When setting up your chemistry laboratory, it’s important to ensure that you stock it with sufficient scientific equipment, allowing you to conduct your experiments thoroughly and safely. Here’s a guide to the basic equipment that any laboratory will need.
Safety equipment and supplies
The first thing that anyone should consider is safety equipment. Conducting chemistry experiments can be dangerous, so it’s important to ensure that you have all of the necessary supplies for if anything should go wrong.
A first aid kit is essential, and should contain items to treat all of the common issues and injuries that may be encountered in a laboratory environment. This includes antiseptic treatment and bandages, burn treatment and compresses, scissors and gloves. The kit should also be latex free (particularly the gloves) so that people can still be treated if they suffer from a latex allergy.
An eyewash station should be available in all laboratories, and everyone should be aware of its location. In the event of an accident, such as a chemical splash, eyewash should be used immediately to prevent any long-term damage. In addition to the eyewash station, many laboratories also have safety showers.
As well as a first aid kit, all laboratories should also have a fire extinguisher and fire blanket. This is especially important when flammable chemicals are being used, as the risk of a fire occurring increases significantly.
Spill neutraliser kits should also be available, to be used whenever chemicals have been spilled on the floor.
Equipment should be safe, fit for purpose, sturdy and reliable. Items such as oil free air compressors must be hygienic and well maintained. Using incorrect equipment can lead to a wealth of problems, especially if contamination in any form can interfere with experiment results.
Safety goggles are incredibly important, as they prevent substances from getting into the eye. Even harmless chemicals can damage the eyes, which are the most sensitive part of the body. Many chemicals have the potential to cause blindness, so it’s imperative that high quality safety goggles are available in all chemistry laboratories.
Protective clothing should also be worn to protect against any dangerous or corrosive chemicals. Even when you’re working with chemicals that aren’t harmful, it’s a good idea to protect your own clothing from unnecessary damage. Protective clothing consists of lab coats, gloves and shoe covers, and are available in a range of materials depending upon your requirements.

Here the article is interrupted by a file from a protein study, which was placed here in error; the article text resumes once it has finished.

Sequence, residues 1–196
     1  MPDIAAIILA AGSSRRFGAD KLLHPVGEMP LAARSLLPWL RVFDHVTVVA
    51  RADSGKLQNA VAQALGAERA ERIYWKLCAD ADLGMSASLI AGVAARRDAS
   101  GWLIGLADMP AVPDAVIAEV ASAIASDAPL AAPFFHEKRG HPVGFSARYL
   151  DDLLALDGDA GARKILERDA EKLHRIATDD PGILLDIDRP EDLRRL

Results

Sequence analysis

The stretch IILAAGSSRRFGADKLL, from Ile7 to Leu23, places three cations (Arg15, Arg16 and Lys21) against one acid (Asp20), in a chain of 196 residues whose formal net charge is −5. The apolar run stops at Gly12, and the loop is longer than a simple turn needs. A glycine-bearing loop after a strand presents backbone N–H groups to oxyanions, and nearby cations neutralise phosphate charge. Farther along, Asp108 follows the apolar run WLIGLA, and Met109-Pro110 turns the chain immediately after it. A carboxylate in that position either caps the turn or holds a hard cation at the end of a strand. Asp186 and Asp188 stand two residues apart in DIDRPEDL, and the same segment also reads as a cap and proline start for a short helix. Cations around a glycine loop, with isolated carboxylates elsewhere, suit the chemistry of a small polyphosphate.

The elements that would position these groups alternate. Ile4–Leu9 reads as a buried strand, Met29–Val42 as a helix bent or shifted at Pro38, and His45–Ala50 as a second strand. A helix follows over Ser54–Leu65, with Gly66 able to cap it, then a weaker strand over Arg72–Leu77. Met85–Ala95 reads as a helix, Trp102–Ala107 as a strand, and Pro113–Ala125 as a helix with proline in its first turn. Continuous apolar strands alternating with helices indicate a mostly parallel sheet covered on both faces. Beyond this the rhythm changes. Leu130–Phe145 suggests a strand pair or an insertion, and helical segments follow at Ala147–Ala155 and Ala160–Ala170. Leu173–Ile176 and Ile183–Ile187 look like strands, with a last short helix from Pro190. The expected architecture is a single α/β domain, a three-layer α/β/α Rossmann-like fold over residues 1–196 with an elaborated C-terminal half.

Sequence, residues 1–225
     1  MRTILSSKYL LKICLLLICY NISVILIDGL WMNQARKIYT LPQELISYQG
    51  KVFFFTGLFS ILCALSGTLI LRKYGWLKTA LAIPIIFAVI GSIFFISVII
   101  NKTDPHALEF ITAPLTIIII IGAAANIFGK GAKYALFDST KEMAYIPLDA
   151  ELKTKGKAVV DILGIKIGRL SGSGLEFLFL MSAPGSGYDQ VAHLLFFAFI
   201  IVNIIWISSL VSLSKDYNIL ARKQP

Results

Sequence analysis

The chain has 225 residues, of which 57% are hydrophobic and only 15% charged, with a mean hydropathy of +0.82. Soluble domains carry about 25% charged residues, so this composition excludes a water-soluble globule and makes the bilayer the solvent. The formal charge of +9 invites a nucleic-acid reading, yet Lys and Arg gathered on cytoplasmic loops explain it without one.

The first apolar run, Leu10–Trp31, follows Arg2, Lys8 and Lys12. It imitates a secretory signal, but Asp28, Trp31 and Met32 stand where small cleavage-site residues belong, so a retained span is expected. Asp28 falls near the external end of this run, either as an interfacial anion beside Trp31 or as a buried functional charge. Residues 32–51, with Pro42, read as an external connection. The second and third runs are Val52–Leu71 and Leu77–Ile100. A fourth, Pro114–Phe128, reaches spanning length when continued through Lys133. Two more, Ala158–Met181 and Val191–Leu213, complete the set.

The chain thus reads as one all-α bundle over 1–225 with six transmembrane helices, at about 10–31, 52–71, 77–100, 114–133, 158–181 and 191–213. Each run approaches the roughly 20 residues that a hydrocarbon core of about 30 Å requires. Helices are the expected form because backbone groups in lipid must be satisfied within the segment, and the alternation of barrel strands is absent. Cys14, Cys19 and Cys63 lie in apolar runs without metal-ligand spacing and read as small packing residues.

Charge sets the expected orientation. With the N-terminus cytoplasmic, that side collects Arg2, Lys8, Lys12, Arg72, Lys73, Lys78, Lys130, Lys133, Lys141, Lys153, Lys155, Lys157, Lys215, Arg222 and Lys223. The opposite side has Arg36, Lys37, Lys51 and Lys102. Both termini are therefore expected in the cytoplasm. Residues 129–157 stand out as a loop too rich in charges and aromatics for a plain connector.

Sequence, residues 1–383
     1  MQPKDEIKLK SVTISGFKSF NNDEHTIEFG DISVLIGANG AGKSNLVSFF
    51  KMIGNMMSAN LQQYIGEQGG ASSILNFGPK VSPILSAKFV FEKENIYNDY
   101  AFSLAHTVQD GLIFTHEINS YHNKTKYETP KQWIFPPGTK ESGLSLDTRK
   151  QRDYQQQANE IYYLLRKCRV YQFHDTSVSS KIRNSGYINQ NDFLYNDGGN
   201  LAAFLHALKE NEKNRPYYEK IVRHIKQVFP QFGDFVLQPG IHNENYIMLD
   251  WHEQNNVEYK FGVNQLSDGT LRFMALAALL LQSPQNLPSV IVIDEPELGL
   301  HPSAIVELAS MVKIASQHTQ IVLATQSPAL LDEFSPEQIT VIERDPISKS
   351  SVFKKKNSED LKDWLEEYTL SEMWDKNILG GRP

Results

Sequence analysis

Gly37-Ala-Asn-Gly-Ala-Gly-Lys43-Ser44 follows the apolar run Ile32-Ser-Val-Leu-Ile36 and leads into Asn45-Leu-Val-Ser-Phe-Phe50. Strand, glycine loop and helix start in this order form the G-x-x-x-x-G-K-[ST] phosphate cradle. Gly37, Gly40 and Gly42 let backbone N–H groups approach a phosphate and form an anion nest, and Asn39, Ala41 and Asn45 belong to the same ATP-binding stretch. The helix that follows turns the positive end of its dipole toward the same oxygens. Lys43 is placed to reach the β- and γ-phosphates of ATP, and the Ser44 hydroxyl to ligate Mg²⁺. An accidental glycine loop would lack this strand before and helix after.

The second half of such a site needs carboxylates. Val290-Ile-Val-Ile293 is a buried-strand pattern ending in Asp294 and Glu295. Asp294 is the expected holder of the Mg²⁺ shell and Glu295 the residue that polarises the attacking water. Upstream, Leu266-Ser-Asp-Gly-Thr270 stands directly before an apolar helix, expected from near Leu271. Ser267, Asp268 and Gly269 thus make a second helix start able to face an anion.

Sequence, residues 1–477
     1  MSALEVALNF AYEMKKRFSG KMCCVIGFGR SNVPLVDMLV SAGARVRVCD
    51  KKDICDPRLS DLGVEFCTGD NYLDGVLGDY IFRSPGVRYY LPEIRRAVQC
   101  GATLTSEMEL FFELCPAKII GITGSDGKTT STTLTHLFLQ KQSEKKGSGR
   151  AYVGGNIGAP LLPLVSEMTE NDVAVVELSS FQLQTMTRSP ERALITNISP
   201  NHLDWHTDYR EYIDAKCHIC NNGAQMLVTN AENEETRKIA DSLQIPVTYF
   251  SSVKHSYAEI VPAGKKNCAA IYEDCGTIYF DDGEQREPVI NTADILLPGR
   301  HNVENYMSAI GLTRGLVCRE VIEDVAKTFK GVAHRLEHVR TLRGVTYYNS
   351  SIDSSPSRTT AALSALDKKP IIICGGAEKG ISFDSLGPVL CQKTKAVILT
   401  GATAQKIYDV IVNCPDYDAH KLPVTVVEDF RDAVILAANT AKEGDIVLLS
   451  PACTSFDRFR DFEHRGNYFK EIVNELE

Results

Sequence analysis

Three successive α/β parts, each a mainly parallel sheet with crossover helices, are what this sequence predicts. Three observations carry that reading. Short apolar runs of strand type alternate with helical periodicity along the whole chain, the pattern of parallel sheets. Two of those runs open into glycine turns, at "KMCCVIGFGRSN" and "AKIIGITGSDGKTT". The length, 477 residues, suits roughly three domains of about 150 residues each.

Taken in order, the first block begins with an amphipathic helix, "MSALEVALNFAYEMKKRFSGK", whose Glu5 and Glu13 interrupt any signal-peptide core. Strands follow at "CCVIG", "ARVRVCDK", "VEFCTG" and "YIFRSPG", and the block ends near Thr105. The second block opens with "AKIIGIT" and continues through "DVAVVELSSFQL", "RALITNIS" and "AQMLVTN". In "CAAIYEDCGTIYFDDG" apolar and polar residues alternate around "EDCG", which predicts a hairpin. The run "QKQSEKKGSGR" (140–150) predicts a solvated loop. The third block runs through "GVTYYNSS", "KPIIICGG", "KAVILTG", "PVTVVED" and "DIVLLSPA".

Spun-bound Melt-Blown Synthetic (SMS) is the most durable type of material, and offers the highest level of protection. This should be used when harmful chemicals are present, and is also designed to keep you cool. Basic protection is offered by polypropylene clothing. This is affordable, but will only protect against light splashes, so should be used with caution. The lowest level of protection is provided by polyethylene. This is traditionally only used as a temporary protection, so is good for use with visitors to the laboratory. It acts as a barrier to most fluids, and can be easily cut.
A wide range of laboratory glassware is available to support your experiments, and the exact types required would depend upon the nature of the experiments you wish to conduct in your laboratory.
Beakers are the most basic type of glassware, and are typically used to hold samples. They are generally wide containers, with open tops, so their use is limited within experiments.
Flasks are another type of glassware used to hold liquids, but offer more functionality when conducting experiments. They typically are conical containers, with a narrow mouth. This limits air exposure, and can easily be sealed if the experiment requires. If you are going to be heating chemicals, round-bottomed flasks are the best choice, as they enable the chemicals to be heated more evenly.
Other types of glassware commonly encountered in a chemistry laboratory include glass vials, which are small bottles typically used to hold samples, pipettes, which are used to transfer small amounts of a chemical from one container to another, and condensers, which are used to cool hot liquids and condense gases. More specialised glassware can be purchased depending upon the nature of your experiments.
Of course, in order to conduct any experiments you will need to stock your laboratory with the necessary apparatus. Bunsen burners are the most iconic piece of laboratory equipment, and are commonly used to heat chemicals during experiments, as well as sterilisation and combustion. When choosing a Bunsen burner, it’s important to consider the type of gas that you’d like to use. The common choices are methane, which is a natural gas, or liquefied petroleum, such as propane and butane.
Again, the experimental equipment that you require will depend upon the nature of your experiments. The most common types of equipment are things like precision scales and balances, which are essential for weighing items to ensure precise quantities are used, a pestle and mortar, which can be used to grind down samples, and a microscope.